Agile Testing & BDD eXchange 2016 (Part 2)

bdd-diagramA few months ago I had the opportunity to go to the Agile Testing & BDD eXchange 2016 conference (https://skillsmatter.com/conferences/7428-agile-testing-and-bdd-exchange-2016). I’ve finally had the chance to write up the notes I took (if any of the speakers are reading this and feel that I’m ‘stealing their lunch’ or infringing on their rights, please let me know and I’ll remove the offending content.)

The notes below reflect my own jottings down and interpretations, and not necessarily the views of the speakers. 

Aslak Hellesøy

  • Good tests
    • Inspire Confidence -no third party service
    • Fast -milliseconds or second
    • Lowcost -easy to write and maintain: decoupled architecture, don’t try to test a UI.
  • Use Decoupled architecture, direct injection and ‘contracts’ so that you have a load of smaller, cheap unit tests, and a few deeper, full stack ones.
  • Testing doesn’t find defects, testing prevents them

User Stories, OOPSI Method (Jenny Martin)

  • User stories are deceptive, they look too simple
  • There is no ‘scope creep’; the scope was already there, just not known about.
  • JIRA is not a documentation system
  • Focus on concrete examples and outcomes, not stories
  • Use User Story Mapping to chunk work into Opening, Mid and End games (stages). Get an MVP for your outcomes as soon as possible.
  • Use the OOPSI system to focus on the following, in this order:
    • Outcomes -what outcomes do we want (in business terms)
    • Outputs -what outputs are needed
    • Processes -what processes generated those outputs
    • Scenarios -what scenarios trigger those processed
    • Inputs -what input do those scenarios need?
  • Keep
    • Conversations
    • Collaborations
    • Chunking
  • Stop
    • Up front analysis
    • Worrying about the format of the user story, its not important
    • Writing stories in JIRA.
  • More
    • Checking outcome
    • Knowing what level we’re at
    • Documentation
    • BDD

Problems With Agile (Martine Devos)

  • What is bad:
    • Everyone wants to do Agile!
    • It’s all courses, certification
    • Example quotes: “We are uncovering easier ways of getting certificates on how to help others get certificates”
    • Software is very tribal; belonging to the agile tribe is note delivering good software!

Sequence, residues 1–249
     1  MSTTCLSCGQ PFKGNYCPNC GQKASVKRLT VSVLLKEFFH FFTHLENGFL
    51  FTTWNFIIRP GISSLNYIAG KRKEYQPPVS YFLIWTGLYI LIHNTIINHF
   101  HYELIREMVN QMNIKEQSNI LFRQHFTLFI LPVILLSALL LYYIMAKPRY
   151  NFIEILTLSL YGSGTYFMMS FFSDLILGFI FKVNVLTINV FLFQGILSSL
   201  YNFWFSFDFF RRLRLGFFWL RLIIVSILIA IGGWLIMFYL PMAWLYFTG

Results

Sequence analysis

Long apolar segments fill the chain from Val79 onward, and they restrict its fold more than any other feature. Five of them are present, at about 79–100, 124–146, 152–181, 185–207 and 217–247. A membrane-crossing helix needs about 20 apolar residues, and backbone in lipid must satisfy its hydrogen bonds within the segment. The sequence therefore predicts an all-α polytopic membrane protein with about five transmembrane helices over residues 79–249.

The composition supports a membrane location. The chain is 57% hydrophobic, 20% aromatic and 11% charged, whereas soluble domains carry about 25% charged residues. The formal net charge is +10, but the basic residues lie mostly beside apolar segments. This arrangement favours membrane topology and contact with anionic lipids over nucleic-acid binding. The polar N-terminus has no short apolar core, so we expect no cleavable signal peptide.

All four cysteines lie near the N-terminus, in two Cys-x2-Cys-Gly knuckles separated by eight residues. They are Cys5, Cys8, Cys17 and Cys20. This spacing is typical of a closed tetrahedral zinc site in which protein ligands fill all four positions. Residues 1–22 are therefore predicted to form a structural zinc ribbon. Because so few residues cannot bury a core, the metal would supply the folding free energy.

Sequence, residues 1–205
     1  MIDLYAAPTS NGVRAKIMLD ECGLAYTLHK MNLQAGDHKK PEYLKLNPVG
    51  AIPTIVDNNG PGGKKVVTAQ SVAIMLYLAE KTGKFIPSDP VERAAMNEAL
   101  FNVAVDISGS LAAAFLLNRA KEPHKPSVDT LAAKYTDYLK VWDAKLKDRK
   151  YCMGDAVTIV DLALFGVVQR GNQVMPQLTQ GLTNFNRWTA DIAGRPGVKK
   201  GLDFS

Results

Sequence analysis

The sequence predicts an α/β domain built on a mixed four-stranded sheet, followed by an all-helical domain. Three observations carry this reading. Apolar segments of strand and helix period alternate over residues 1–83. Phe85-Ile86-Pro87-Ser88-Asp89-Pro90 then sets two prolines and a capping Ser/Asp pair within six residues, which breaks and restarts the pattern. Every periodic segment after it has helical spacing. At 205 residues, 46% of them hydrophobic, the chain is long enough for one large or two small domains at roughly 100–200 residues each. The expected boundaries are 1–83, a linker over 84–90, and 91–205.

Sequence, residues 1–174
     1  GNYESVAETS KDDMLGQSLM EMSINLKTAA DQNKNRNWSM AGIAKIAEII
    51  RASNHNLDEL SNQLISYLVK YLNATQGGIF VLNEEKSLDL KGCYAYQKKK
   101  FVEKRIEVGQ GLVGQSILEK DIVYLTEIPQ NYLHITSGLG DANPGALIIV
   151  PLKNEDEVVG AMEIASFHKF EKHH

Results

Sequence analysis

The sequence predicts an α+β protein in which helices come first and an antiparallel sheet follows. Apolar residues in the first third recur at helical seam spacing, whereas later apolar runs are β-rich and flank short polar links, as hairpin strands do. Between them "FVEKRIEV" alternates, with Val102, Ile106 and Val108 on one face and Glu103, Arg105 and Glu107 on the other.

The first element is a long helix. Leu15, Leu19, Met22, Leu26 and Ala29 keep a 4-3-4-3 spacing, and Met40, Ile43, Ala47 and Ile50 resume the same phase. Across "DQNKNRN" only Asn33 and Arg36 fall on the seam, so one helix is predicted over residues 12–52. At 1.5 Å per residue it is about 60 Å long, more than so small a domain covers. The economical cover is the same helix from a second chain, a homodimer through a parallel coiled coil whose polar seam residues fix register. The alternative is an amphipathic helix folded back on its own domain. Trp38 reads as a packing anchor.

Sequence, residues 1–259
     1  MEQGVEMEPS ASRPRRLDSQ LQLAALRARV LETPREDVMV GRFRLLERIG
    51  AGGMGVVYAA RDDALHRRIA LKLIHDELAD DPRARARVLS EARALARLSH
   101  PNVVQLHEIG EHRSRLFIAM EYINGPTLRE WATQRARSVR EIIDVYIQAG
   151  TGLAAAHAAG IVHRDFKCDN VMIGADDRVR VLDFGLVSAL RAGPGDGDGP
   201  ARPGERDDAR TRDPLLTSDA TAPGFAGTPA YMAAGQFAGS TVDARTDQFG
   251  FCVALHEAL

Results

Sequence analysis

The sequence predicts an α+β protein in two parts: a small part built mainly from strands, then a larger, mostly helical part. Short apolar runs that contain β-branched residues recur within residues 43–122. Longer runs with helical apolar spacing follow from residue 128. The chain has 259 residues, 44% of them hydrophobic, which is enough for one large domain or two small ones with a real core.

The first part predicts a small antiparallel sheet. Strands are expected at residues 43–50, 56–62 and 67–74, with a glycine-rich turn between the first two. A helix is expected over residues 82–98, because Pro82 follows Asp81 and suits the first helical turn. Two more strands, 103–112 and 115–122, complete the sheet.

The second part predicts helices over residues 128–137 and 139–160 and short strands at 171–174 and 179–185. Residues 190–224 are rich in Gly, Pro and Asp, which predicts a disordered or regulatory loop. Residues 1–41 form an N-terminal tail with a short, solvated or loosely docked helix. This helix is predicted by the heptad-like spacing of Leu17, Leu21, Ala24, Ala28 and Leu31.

• Everything is ‘scalable’, this is bad
    • Courses are being favoured over experience
    • We’re still having fixed scope, time, cost.
    • Calling Continuous Integration ‘DevOps’
  • Why is this happening:
    • When we find a pattern that works, we feel good and try to reproduce this pattern everywhere.
    • Confirmation bias -we only notice when it works, not when it doesn’t.
    • Apophany -false epiphany.
    • People want predictability: they assume that predictability exists.
  • Organizational structure has a big say.
  • Bureaucracy doesn’t value knowledge or action; Agile thrives in an ‘Adhocracy’.
Bureaucracy Meritocracy Adhocracy
Values Position Knowledge Action
Driven By Rules Mutual Adjustment Opportunity
Decides By Hierarchy Logical Argument Experimentation
Strives towards Extrinsic Rewards Personal Mastery Achievement
  • Well formed outcomes are essential.
  • Scale Agile where failure is survivable. Experiment.
  • Do safe to fail probing of new agile practices.
  • Cynefin framework: Four domains of complexity plus a central nexus, Disorder:
    • Obvious: Self apparent, simple
    • Complicated: Less simple, but mechanical, ordered
    • Complex: cause and effect only knowable in retrospect
    • Chaotic: no order, generally adverse, transient, need to act quickly.
    • Disorder: when you don’t know which domain you are in

Cosmina Bradu: A BDD Test Case

  • Anti-patterns
    • Scenario Overwhelm
    • Difficulty in sharing
    • Shared scenarios do not equal shared understanding
    • It was all about HOW, not WHAT and WHY
  • Solution
    • Confirm as soon as possible
    • Itereative discover/deliver/confirm cycle, with confirmation (based on evidence) at all stages
    • Test shared understanding.
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